Football is not all about scoring, you also need to stop opposition from scoring. Besides, all attacks start from recovering the ball. There is nothing more frustrating than players in the field that do not know how to defend. These simple individual defending drills will help you and your teammates to develop defensive skills.
This drill is executed without a ball. You will need a set of cones or similar to configure a grid of about 15 meters long by 5 meters wide. The attacker will try to get from one side of the grid to the other by getting around the defender. The defender will try to block the attacker by being physical and forcing the attacker to wherever there’s the least amount of space on the field. This drill is great to force the player on defense to be more physical.
When defending, if you stand straight up, you are going to get thrown off by the attacking player. You have to bend your knees and be low. Get your shoulders involved and be physical. Don’t use your hands, use your shoulders. If the referees sees you are using your hand, they are going to call it.
You don’t want to be too far away from the attacker. Keep yourself at maximum of an arm length away of your opposition. This way you close down spaces for the attacking player.
This drill is also good to improve your defending in corner kicks, free kicks and through balls. It doesn’t matter if you’re not going to be first to the ball, you’re not going to let the attacker get by.
You will need cones and a small goal. Use the cones to setup a playing grid of about 30 meters long and 10 meters wide. The defender stands besides the goal and the attacker on the opposite side of the delimited area.
The attacking player objective is to score. The defending player aim is to deny any goal opportunities by blocking a shot, pushing the defender out of the delimited area (applying the learnings from drill 1) or recovering the ball. The game restarts when either side fulfill their objective.
This drill simulates an opposition player breaking a line of defense and coming towards the next defender. This exercise is useful for both players. The attacking player practices dribbling and shooting skills, while the defender focuses on positioning, body usage and tackling.
For this drill, and the following individual defending drills, defenders should follow the tips described in our previous post: Defending one on one attacks.
This exercise is very similar to the previous drill. The setup is the same. The difference is that both players start from the same side. The attacker is given a few steps of advantage over the defender, but they can only score from close range (one meter or so away from goal).
This drill simulates an opposition player breaking a line of defense with defenders chasing from behind. This exercise is useful for both players. The attacking player practices dribbling and controlling the ball at speed, while the defender focuses on reaction and speed to get to position, body usage and slide tackling.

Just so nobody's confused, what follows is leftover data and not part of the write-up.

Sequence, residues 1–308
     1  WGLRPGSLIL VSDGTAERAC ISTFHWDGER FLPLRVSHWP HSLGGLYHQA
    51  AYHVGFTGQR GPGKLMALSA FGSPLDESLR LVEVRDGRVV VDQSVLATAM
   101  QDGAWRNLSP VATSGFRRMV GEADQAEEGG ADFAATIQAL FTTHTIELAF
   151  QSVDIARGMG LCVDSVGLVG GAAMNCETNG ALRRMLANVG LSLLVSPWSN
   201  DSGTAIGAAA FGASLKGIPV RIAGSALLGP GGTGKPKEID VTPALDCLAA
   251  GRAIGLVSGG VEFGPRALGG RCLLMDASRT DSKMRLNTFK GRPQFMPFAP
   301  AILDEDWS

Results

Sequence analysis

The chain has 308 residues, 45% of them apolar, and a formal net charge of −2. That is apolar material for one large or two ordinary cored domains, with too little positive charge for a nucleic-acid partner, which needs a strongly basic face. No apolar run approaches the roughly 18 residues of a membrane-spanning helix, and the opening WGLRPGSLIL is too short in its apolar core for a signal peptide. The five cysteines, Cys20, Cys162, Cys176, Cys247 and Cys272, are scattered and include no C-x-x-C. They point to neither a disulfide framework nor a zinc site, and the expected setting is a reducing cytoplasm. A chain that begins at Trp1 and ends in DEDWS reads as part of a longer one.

In this exercise is very likely that defenders will use sliding tackles to gain the ball. Make sure that if they do this, they do it using the right technique to avoid injuring themselves or a teammate.
You will need 3 players to complete this drill. Use an actual soccer field if possible. The drill is simple, one attacking player crosses the ball to a teammate running into the box towards the penalty spot. The running player attempts to score. The defender objective is to clear the ball.
This is a situation of a high level of difficulty for the defender. The attacker is outside his visual field. The defender should not made the mistake to watch only the ball. They have to keep searching for the attacker and look for the physical contact that will allow them to focus on the ball. The primary objective is to get the defender used to checking over their shoulder.
Like previous individual defending drills, this exercise is also good for attacking players.
Once all players master this drill and the skills required, you can increase difficulty by including a goalkeeper.
You will need 3 players to complete this drill. Use an actual soccer field if possible. The drill is simple, one attacking player passes the ball to a teammate standing in the box with his back towards the goal. The receiving player attempts to turn around to score. The defender objective is to keep the attacker from turning and scoring.
This a good exercise for all players involved. The player starting the drill improves accuracy on passing. The attacker becomes more comfortable playing with their back to goal. It also improves their sense on where the goal is relative to their position. The defender improves their ability to keep an attacker from turning and scoring by using positioning, footwork, and strength.
Once all players are comfortable with this drill, you can increase difficulty by including a goalkeeper.
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